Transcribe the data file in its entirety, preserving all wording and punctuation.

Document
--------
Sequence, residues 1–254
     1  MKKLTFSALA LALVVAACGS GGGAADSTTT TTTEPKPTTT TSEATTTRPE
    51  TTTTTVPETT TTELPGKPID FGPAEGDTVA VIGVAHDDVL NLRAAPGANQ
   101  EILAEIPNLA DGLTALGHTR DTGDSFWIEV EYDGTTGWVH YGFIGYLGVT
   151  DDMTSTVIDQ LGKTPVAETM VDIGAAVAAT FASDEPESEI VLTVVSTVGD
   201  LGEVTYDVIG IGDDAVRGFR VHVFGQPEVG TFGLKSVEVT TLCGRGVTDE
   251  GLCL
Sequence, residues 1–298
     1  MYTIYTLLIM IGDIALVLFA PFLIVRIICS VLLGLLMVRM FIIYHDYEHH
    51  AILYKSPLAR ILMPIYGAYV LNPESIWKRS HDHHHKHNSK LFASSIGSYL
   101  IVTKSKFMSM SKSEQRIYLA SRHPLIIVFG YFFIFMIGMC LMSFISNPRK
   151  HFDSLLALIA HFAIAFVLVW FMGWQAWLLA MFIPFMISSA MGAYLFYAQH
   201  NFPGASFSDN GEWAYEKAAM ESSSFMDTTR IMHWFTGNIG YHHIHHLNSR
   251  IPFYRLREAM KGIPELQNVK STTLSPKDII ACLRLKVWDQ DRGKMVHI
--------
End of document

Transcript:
Sequence, residues 1–254
     1  MKKLTFSALA LALVVAACGS GGGAADSTTT TTTEPKPTTT TSEATTTRPE
    51  TTTTTVPETT TTELPGKPID FGPAEGDTVA VIGVAHDDVL NLRAAPGANQ
   101  EILAEIPNLA DGLTALGHTR DTGDSFWIEV EYDGTTGWVH YGFIGYLGVT
   151  DDMTSTVIDQ LGKTPVAETM VDIGAAVAAT FASDEPESEI VLTVVSTVGD
   201  LGEVTYDVIG IGDDAVRGFR VHVFGQPEVG TFGLKSVEVT TLCGRGVTDE
   251  GLCL
Sequence, residues 1–298
     1  MYTIYTLLIM IGDIALVLFA PFLIVRIICS VLLGLLMVRM FIIYHDYEHH
    51  AILYKSPLAR ILMPIYGAYV LNPESIWKRS HDHHHKHNSK LFASSIGSYL
   101  IVTKSKFMSM SKSEQRIYLA SRHPLIIVFG YFFIFMIGMC LMSFISNPRK
   151  HFDSLLALIA HFAIAFVLVW FMGWQAWLLA MFIPFMISSA MGAYLFYAQH
   201  NFPGASFSDN GEWAYEKAAM ESSSFMDTTR IMHWFTGNIG YHHIHHLNSR
   251  IPFYRLREAM KGIPELQNVK STTLSPKDII ACLRLKVWDQ DRGKMVHI